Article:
Over the last decade, in particular, we have become increasingly aware of how deep-rooted our environmental impact is in our daily lives and interests. What we eat, what we wear, how we get around – most aspects of modern life are racking up our carbon emissions. With an increased awareness of this, many of us are seeking out ways to lessen our impact, though are unsure where to start and faced with what seems like an impossible feat of finding sustainable habits and options in such a consumption heavy modern world.
The fashion industry is a particularly good example of this. Worldwide, we consume over 150 billion articles of clothing annually – four times the amount we consumed 20 years ago. Fast fashion is ingrained in our everyday life, with constantly changing trends being plastered on the exterior of buses or flashing on the side of our screens as we browse the internet. ‘You need this today, but you’ll want something else entirely next week’ is the ethos of modern style trends. Shopping sustainably, when marketing is solely aimed at making us want to have it all, seems unfeasible.
However, there are a number of online influencers who are using their social platforms to offer tips and tricks to make the transition to environmentally conscious clothing and straying away from engaging in planet-destroying cycles of overconsumption a little smoother. To make it even easier, I’ve rounded up four accounts that will fill your feed with eco-conscious motivation to make those changes in your clothing consumption habits.
Michelle For Good @michelleforgood
Michelle uses her platform on Instagram to advocate for all- round more ethical patterns of consumption of clothing. As well as encouraging her audience to participate in slow fashion, she also ensures that she shares brands that support different communities in other ways. Her account will direct you towards black-owned, ethical bands, as well as ones that have giveback models that aid other causes. Seeing a gap in the ethical fashion industry, Michelle started @thetoteproject which not only uses sustainable materials but seeks to empower survivors of sex trafficking and help end human trafficking.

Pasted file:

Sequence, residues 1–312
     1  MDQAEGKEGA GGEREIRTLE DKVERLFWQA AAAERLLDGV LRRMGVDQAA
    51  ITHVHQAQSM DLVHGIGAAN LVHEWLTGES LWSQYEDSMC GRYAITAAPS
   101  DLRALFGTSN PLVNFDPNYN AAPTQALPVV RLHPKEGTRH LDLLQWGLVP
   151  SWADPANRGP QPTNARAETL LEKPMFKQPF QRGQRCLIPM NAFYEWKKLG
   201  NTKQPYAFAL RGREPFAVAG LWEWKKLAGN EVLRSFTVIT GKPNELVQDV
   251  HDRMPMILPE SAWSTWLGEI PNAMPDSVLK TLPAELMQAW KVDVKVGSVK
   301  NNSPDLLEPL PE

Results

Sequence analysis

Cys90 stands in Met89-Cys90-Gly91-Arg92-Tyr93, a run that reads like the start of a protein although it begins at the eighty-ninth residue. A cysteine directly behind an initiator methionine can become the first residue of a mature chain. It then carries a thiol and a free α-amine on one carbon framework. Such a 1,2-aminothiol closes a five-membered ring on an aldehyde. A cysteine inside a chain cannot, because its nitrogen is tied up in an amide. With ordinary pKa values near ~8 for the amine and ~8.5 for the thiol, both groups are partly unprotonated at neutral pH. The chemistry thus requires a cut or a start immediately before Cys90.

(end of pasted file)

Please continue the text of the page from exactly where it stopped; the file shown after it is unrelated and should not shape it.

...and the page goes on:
Nayna Florence @naynaflorence
On both her YouTube channel and Instagram account, Nayna has shared her journey of giving up fast fashion. As a university student, she provides relatable and user-friendly insights into more budget friendly ways to consume sustainably and acknowledges some of the ways in which sustainable fashion can be difficult for those with lower economic capital. On her accounts, she shares some of her favourite small sustainable brands that fit the style interests of her young adult demographic. Beyond delving into the world of sustainable clothing, she also creates content around living a wholly more sustainable life (such as having a vegan diet) which makes her account particularly useful for anyone looking to reduce their climate impact in multiple aspects of their life.
The Sustainable Fashion Forum @thesustainablefashionforum
Run by Brittany Sierra, the Sustainable Fashion Forum is a great account to follow to add some educational content to your daily scroll through Instagram on your commute to work or sitting in a waiting room. This page shares concise, yet invaluably informative insights to issues within the fashion industry, regarding sustainability, as well as figures and statistics that highlight the extent of the issue. Alongside other accounts that show you better alternatives to your current purchasing patterns of fashion, this particular page will aid you in better understanding why it is so important to move away from our current patterns.
Grace Beverley @gracebeverley
As a founder and CEO of her own sustainable activewear brand ‘Tala’, Grace Beverley understands sustainable fashion from both a business and consumer perspective. Her account is genuine and non-judgemental – encouraging people to try more sustainable avenues for updating their wardrobe. Her posts and story often explore new and interesting ways to keep it interesting, without costing the planet. Just this week she showed her audience a bag rental service that allows you to keep mixing it up, without breaking the bank or leaving handbags collecting dust in the back of your wardrobe once they’ve been featured on your Instagram 'too many' times.